Brother MFC-440cn review:

Brother MFC-440cn

  • 1
  • 2
  • 3
  • 4

Brother MFC-440cn

(Part #: MFC-440CN) Released: Jul 11, 2006
See all prices
Compare These

CNET Editors' Rating

1 user review

The Good Automatic document feeder included; network ready; easy access to ink tanks; media card slots and PictBridge port; color LCD; compact; lots of fax options; inexpensive.

The Bad Slow text printing and copying; poor print quality with graphics.

The Bottom Line The Brother MFC-440cn has a lot to offer, but it falls short on print quality. We prefer the Canon Pixma MP530 for a small-office environment.

6.0 Overall
  • Design 6.0
  • Features 7.0
  • Performance 5.0
  • Support 7.0


The Brother MFC-440cn looks great on paper and in person. It's a full-featured multifunction that lets you print, scan, copy, and fax--all for only $150. Making the deal even sweeter is the fact that it has an automatic document feeder, is network ready, and includes media card slots and a PictBridge port. The drawback is its print quality and slow text-print speeds. The MFC-440cn is a decent choice for a small office that doesn't have heavy printing needs or require high-quality graphics and photo prints. If you can forego the built-in networking and the media card slots, we recommend the slightly more expensive Canon Pixma MP530--for an additional $50, you'll get higher quality prints and scans and faster speeds.

The Brother MFC-440cn has a lower profile than most office multifunctions in its class, especially when you consider it has a flatbed scanner. It measures only 15.7 inches wide, 17.4 inches deep, and 7.1 inches tall. Its small size is due to a number of factors. First, the automatic document feeder (ADF) that's mounted on the scanner lid can hold up to only 10 pages. Most of Canon's ADFs hold up to 30 pages. The output tray, too, is on the small side and can hold only about 50 printed sheets. Finally, Brother employs a novel ink-handling method: instead of attaching the ink tanks directly to the printhead, you insert them into a compartment right on the front of the printer, and tubes ferry the ink from the tanks to the printhead. One advantage of this setup is that you can switch out tanks without powering up the printer, but we wonder if the tubes can get clogged up.

Like most home office-oriented all-in-ones, the scanner platen is big enough to fit only A4-size originals, but using the ADF, you can scan up to legal-size documents. The lid's hinges lift to accommodate thicker documents, such as books. A small hinge flips out to catch original documents that have been fed through the ADF.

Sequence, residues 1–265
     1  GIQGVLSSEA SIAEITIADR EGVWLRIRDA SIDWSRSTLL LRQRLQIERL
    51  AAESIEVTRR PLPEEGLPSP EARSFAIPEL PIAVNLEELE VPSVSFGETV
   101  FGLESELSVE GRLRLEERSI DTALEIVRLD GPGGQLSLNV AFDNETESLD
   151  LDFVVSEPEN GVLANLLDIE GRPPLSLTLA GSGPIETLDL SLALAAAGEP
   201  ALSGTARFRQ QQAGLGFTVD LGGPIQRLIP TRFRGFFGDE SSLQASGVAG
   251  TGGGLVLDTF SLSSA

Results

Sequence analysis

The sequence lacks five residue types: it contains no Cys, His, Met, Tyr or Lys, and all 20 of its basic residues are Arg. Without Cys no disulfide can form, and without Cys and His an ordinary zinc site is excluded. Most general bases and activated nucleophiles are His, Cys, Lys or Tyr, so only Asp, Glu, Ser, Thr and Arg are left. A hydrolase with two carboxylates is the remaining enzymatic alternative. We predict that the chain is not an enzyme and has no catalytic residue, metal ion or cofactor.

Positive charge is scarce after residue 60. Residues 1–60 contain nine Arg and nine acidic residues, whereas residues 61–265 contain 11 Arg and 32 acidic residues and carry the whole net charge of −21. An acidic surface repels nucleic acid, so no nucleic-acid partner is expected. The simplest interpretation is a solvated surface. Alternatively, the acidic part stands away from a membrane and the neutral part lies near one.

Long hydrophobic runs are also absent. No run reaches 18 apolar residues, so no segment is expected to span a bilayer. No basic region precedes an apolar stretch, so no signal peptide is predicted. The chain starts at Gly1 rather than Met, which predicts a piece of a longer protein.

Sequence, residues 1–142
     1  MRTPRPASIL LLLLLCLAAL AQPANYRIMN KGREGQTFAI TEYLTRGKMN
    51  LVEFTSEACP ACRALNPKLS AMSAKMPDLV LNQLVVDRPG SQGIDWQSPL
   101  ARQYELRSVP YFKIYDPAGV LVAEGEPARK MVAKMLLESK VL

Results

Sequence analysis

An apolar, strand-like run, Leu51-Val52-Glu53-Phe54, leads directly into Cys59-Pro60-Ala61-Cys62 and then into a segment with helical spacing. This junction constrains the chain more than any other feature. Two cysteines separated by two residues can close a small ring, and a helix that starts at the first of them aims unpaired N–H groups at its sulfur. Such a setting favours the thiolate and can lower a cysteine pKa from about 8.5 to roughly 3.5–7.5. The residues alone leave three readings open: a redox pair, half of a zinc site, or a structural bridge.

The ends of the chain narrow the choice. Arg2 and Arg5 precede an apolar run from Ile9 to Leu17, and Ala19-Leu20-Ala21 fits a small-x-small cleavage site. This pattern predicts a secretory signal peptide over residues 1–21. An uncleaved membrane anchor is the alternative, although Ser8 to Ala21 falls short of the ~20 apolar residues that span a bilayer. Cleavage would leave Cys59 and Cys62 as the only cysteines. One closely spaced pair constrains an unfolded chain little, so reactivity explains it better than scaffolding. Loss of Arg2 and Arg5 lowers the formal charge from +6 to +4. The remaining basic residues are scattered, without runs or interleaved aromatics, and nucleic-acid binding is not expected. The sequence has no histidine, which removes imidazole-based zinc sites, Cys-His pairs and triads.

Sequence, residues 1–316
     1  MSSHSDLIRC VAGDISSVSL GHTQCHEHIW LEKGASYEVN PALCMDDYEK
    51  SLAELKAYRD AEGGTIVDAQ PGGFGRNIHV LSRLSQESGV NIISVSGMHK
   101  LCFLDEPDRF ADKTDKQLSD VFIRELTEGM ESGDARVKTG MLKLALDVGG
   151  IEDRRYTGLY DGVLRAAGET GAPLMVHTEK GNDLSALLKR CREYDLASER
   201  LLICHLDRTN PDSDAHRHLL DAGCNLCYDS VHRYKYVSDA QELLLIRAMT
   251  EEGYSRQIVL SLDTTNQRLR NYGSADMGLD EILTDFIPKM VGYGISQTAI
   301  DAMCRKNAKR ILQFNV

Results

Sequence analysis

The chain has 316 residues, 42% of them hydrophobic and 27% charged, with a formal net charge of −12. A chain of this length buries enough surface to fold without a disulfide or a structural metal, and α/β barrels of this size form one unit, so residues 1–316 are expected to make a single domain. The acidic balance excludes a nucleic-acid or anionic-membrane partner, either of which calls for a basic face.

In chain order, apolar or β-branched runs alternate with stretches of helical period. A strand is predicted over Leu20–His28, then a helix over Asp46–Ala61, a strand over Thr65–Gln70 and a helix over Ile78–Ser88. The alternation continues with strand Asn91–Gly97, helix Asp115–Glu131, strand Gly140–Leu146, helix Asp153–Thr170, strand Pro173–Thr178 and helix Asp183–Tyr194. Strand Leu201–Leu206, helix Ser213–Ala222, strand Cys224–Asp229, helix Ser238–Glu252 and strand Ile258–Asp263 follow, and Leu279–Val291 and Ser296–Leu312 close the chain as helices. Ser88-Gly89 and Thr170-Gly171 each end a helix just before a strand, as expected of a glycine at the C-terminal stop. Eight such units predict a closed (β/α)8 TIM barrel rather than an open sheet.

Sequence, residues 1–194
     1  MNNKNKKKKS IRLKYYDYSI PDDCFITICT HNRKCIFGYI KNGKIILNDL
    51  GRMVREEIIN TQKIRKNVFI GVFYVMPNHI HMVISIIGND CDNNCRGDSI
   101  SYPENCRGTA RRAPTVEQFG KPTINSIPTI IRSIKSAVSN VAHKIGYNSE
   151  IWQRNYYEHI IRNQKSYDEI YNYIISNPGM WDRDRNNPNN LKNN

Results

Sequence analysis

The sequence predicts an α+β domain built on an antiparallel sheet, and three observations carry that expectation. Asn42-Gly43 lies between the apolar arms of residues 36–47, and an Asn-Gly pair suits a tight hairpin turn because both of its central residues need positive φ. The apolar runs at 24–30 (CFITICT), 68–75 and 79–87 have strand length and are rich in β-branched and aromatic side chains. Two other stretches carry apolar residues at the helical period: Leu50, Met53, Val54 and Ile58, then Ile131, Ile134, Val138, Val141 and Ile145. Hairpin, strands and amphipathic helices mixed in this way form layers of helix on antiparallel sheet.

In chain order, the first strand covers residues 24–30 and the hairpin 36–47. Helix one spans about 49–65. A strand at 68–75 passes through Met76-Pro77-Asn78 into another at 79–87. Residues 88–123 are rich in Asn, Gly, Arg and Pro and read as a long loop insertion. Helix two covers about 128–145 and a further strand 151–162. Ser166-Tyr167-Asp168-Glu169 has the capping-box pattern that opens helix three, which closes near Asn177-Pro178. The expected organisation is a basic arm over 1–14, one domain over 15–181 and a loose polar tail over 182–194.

Mounted on the front edge of the printer are a PictBridge Port and two media card slots. The PictBridge port allows you to print directly from a PictBridge-enabled digital camera or camera phone. The media card slots can read most common card types, including CompactFlash, SD, MMC, and Memory Stick. Some additional card types require an adapter that's not included with the printer.

The Brother's paper-handling options are limited, but it does include a photo-paper bypass tray. The input and output trays comprise a single unit, with printed pages simply landing on top of the input cassette. The paper cassette can hold up to 100 sheets of plain paper up to legal size. Mounted atop the plain-paper tray is a dedicated 4x6-photo tray. The photo tray can lock into two positions: forward and back. When this tray is locked in the forward position, the printer automatically picks up media from the regular tray; when it's locked in the back position, the printer defaults to the photo paper. Unfortunately, you have to pull out the paper cassette entirely to make the switch, as the lever is recessed, making what should be a convenient feature less so. Because you must partially pull out the input tray in order to fill it, you can't refill paper in the middle of a print job; in fact, you can't even check the paper level during a print job.

The control panel for the MFC-440cn is fairly simple. Dedicated task buttons let you switch between fax, scan, copy, and photo capture (printing from a camera or media cards). A button labeled Ink lets you make a test print, initiate a printhead cleaning cycle, and check ink levels. For faxing, there's an alphanumeric keypad, speed dial, redial, and hook buttons. To navigate menus, there are menu, OK, clear/back, and direction buttons. The only problem we had drilling through menus was that the clear/back button didn't get us out of the menu entirely: it will let you drill back to the top level of a menu, but in order to exit entirely, you have to press the stop/exit button, which isn't intuitive. Rounding out the control panel is a 2-inch color LCD set into a panel that swivels through a range of 90 degrees. We really like this feature because it allows you to optimize the viewing angle.

The final design feature of note is the location of the USB and Ethernet port. Most printers have them mounted on the back of the unit. Brother mounts them within the unit: you have to lift up the scanner bed to access them, and a channel for the cord feeds it out the back. The only advantage we can think of to this design is that the printer can't be accidentally unplugged.

Setting up this printer was fairly simple: install the software and the drivers from the included CD, connect and power up the printer, and restart your PC. The Brother MFC-440cn supports both Mac and Windows operating systems and, even better, provides built-in support for wired networking over Ethernet.

This week on CNET News


Discuss: Brother MFC-440cn

Conversation powered by Livefyre